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Thursday, October 30, 2008

Metallix - From 2003


The newly formed Future Comics has a couple of very positive things going for it. First, it's run by long-time comics professionals who have experience in the business, and who know what makes a good comics story. The second positive thing? A comic called Metallix.

Written by David Michelinie, and drawn by Ron Lim, Metallix chronicles the adventures of a team of "industrial troubleshooters," who all share one suit of armor, made from a liquid metal substance called "Metal X." The suit augments the natural abilities of each wearer, making an acrobat more agile, a martial artist more formidable, a marksman a better shot, and...well, you get the idea.

The book's art chores are well handled by penciller Lim, who excels at high-octane action stories, as well as characterization and expression. Having his work inked by comic veteran Bob Layton (who also co-plots) only sweetens the deal, as Layton tends to bring a polished "smoothness" to any pencils he goes over.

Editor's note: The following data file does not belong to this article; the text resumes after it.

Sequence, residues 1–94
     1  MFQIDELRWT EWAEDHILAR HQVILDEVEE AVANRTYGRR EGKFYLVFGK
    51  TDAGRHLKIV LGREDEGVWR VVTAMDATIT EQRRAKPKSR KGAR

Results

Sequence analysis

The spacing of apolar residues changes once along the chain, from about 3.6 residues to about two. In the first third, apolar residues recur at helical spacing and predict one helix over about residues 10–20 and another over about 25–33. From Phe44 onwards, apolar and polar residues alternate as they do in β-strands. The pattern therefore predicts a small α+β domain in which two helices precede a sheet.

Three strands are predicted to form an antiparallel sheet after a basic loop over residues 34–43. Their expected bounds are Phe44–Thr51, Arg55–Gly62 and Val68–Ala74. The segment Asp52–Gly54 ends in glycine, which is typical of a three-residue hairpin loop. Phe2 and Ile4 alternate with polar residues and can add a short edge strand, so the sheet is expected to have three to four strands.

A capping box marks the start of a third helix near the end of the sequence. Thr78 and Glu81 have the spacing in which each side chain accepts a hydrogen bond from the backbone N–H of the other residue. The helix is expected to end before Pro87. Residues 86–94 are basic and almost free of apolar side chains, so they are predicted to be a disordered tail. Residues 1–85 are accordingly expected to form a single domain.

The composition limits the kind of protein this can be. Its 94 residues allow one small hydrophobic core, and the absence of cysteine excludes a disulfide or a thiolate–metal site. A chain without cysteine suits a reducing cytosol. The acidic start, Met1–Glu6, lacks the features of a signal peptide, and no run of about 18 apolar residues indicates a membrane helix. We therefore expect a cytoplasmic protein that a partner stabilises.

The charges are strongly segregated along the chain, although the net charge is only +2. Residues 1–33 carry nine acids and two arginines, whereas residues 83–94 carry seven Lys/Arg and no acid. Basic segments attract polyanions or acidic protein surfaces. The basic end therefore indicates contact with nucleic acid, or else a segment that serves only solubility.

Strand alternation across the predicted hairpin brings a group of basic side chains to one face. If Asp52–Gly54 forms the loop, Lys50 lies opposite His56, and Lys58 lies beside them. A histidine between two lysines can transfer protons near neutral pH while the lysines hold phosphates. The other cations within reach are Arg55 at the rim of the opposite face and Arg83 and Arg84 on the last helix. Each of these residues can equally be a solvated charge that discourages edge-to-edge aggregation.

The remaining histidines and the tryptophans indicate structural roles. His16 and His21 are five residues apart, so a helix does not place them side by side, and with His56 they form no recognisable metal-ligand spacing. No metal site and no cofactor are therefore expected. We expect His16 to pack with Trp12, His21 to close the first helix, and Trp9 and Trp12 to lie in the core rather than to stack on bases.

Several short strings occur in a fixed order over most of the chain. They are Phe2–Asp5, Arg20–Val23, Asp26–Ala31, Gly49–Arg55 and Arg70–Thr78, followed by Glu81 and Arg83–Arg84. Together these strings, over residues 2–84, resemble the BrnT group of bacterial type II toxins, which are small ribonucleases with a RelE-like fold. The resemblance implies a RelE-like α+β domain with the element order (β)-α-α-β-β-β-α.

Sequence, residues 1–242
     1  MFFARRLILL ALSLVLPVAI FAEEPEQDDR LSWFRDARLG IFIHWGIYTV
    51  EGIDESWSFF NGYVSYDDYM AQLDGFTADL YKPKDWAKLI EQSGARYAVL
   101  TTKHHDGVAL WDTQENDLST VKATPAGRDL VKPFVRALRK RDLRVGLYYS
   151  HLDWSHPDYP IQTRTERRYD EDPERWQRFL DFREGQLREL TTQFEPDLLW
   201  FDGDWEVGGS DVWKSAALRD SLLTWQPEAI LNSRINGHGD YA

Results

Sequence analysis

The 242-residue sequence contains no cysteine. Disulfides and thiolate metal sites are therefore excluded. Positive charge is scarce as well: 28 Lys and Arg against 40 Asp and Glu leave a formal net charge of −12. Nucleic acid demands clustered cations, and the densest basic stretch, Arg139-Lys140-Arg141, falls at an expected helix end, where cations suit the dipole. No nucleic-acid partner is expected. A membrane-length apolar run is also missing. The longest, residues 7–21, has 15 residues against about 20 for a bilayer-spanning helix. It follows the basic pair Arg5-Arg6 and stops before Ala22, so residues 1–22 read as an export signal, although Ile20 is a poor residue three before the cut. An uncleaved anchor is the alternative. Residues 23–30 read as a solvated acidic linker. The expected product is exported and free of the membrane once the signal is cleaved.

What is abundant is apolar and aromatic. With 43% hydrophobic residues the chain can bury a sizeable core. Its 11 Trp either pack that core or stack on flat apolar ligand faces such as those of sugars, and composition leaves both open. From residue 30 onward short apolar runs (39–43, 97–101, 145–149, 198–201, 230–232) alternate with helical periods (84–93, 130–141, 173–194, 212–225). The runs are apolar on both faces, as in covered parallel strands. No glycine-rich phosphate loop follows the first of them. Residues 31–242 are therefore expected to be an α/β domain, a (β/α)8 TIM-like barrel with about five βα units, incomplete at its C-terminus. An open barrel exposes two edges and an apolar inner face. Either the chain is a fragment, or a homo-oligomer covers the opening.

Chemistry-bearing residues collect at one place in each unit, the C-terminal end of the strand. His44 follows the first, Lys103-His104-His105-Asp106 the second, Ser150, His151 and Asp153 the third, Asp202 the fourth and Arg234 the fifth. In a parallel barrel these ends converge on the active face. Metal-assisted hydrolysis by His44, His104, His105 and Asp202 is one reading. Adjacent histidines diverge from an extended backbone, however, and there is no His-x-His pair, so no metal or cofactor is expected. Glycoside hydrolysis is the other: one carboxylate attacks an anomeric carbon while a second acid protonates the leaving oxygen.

The two make a great team, indeed. Michelinie does a great job of fleshing out characters, as the beginning of major conflicts and possible storylines can be seen from issue one. Much of the conflict comes from the sharing of the suit, itself. It could safely be predicted that how to decide whose "turn" it is to don Metal X could quickly become a hot issue. These are not "cookie-cutter" characters, as it seems each has their own motivations and bold personalities.



The format of the comic is also appealing, as each issue features a back-up story dealing with the origin of the Metallix suit. The one thing the book has going against it, however, is the price. Three dollars and fifty cents for approximately ten to fifteen minutes of reading enjoyment is, to say the least, a bit steep.

Metallix is suggested for those who enjoy action-oriented super hero fun. Find it at comic shops, comic conventions, or by logging on to www.futurecomicsonline.com. Metallix is published by Future Comics, 32 pages, $3.50.

Review by Mark Allen